Allianz sold fire and marine insurance policies to SS-Wirtschaftsbetriebe to cover buildings and goods belonging to the various SS manufacturing facilities located in concentration camps. In most cases, Allianz transacted this business as a member of a consortium made up of a number of insurance companies.

Representatives of the insurance company were granted access to concentration camps in individual cases. For example, in 1940 Deutsche Ausrüstungswerke granted Max Beier access to the Dachau concentration camp in order to inspect the camp's manufacturing facilities prior to drawing up the terms and conditions of a fire-insurance policy.
Max Beier (1889-1945), Deputy Director of Allianz’s Berlin office
Max Beier (1889-1945), Deputy Director of Allianz’s Berlin office
Definitions
The SS, or Schutzstaffel ("Protective Echelon"), was a paramilitary corps of the National Socialist Party. The SS regarded itself as an élite military unit. Under the leadership of Heinrich Himmler, it emerged as the key instrument of force and terror in the Nazi régime. It assimilated the powers of the police, assumed sole responsibility for the system of concentration camps, and became the nerve-center for the extermination of European Jews. The SS was declared a "criminal organization" at the Nuremberg trials.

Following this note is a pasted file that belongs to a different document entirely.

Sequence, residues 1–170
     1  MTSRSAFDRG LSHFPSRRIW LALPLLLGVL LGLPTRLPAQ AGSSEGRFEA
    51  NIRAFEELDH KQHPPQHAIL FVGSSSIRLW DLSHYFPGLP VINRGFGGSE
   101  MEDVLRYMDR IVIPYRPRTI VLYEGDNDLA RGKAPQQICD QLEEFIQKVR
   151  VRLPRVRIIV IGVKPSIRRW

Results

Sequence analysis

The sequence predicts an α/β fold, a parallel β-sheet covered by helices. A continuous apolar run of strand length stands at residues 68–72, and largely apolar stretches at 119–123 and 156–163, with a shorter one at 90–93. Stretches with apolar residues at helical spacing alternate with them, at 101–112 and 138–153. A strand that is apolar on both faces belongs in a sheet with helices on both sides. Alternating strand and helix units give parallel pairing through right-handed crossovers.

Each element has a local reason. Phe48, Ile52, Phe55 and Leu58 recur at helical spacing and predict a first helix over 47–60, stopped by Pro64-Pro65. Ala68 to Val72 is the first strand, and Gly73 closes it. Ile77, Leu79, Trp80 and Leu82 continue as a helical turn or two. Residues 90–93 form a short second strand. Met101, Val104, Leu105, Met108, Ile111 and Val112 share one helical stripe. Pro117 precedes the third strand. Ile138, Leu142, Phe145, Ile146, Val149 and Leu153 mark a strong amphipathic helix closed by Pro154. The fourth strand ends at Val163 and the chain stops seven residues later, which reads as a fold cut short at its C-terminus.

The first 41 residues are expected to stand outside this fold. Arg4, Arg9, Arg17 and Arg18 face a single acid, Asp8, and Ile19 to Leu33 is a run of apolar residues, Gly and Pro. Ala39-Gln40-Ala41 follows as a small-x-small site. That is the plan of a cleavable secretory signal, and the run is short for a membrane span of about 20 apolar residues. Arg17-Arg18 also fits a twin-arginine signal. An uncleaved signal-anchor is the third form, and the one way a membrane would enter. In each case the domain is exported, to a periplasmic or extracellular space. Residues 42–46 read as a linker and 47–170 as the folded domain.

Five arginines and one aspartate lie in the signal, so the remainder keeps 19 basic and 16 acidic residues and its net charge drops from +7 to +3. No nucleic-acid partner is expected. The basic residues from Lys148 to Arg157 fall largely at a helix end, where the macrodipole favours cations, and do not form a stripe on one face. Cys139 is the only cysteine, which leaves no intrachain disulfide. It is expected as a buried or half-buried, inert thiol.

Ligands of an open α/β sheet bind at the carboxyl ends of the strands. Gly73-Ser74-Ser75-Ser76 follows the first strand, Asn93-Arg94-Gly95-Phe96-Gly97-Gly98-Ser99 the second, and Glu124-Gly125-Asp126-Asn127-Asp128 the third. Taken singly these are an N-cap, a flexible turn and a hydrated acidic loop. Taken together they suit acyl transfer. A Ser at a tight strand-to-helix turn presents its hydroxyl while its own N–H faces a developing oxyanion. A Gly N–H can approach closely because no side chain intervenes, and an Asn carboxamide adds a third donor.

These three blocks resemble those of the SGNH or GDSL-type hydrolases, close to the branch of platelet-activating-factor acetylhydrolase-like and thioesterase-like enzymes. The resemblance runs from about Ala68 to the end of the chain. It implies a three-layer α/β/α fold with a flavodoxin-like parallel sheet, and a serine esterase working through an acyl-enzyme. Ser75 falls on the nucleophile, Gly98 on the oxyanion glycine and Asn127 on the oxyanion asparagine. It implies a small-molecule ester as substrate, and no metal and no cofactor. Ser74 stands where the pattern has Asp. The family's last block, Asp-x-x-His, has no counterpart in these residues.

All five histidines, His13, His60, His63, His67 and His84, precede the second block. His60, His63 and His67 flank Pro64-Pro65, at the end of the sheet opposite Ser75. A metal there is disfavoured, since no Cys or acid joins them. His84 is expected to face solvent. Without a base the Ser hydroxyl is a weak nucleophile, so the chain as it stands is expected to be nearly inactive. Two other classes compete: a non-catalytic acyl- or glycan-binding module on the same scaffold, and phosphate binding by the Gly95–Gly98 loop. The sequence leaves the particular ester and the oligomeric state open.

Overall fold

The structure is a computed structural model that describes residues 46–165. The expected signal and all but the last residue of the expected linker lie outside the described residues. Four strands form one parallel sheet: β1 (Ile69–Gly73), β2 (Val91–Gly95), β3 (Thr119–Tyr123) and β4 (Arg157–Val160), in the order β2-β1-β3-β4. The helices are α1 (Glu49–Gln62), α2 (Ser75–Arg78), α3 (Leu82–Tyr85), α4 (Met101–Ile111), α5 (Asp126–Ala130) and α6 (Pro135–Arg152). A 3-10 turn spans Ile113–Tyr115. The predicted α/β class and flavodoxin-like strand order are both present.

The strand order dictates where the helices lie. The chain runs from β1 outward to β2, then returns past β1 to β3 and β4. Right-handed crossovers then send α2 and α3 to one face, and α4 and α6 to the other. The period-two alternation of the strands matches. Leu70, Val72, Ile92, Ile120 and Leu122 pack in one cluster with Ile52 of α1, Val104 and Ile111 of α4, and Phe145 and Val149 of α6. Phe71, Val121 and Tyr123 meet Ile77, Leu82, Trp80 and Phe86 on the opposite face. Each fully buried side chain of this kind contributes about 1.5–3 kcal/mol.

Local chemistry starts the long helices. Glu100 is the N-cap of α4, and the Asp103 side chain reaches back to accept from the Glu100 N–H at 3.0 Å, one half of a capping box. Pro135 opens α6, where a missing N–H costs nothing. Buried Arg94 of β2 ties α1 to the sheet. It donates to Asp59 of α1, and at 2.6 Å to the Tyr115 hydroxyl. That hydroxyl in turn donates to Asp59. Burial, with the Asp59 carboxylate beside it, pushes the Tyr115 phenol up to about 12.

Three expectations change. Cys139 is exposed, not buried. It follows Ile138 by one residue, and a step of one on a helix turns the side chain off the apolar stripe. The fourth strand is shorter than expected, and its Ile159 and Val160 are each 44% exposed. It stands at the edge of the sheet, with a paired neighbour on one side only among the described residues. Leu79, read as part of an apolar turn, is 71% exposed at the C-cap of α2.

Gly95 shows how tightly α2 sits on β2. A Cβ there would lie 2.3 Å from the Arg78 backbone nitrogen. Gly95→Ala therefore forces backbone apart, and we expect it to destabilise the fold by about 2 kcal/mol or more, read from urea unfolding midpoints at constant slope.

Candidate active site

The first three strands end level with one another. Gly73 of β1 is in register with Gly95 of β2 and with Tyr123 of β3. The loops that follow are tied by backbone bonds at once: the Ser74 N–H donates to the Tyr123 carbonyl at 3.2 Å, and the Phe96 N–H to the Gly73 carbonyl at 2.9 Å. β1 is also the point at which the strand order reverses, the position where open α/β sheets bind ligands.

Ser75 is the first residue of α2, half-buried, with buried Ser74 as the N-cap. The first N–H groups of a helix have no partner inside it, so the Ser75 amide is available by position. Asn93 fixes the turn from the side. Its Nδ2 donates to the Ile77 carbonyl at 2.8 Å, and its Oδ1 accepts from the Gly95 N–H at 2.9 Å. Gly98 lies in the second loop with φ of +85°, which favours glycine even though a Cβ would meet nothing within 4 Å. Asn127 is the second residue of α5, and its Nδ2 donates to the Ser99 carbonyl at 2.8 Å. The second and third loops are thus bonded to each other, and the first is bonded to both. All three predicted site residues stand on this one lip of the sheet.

The German Armaments Works, or Deutsche Ausrüstungs Werke (DAW), was one of the SS's business enterprises. Some of its workshops were located in the Dachau, Buchenwald, Lublin, and Sachsenhausen concentration camps. During the war, when the DAW's mission was redefined, inmates were forced to carry out primarily woodworking and blacksmithing tasks.
Deputy director of Allianz's Berlin office who maintained close contacts with the SS. Beier acquisitioned large insurance contracts for facilities belonging to the German Armaments Works (DAW), one of the SS's business enterprises.

Anja Rechenberg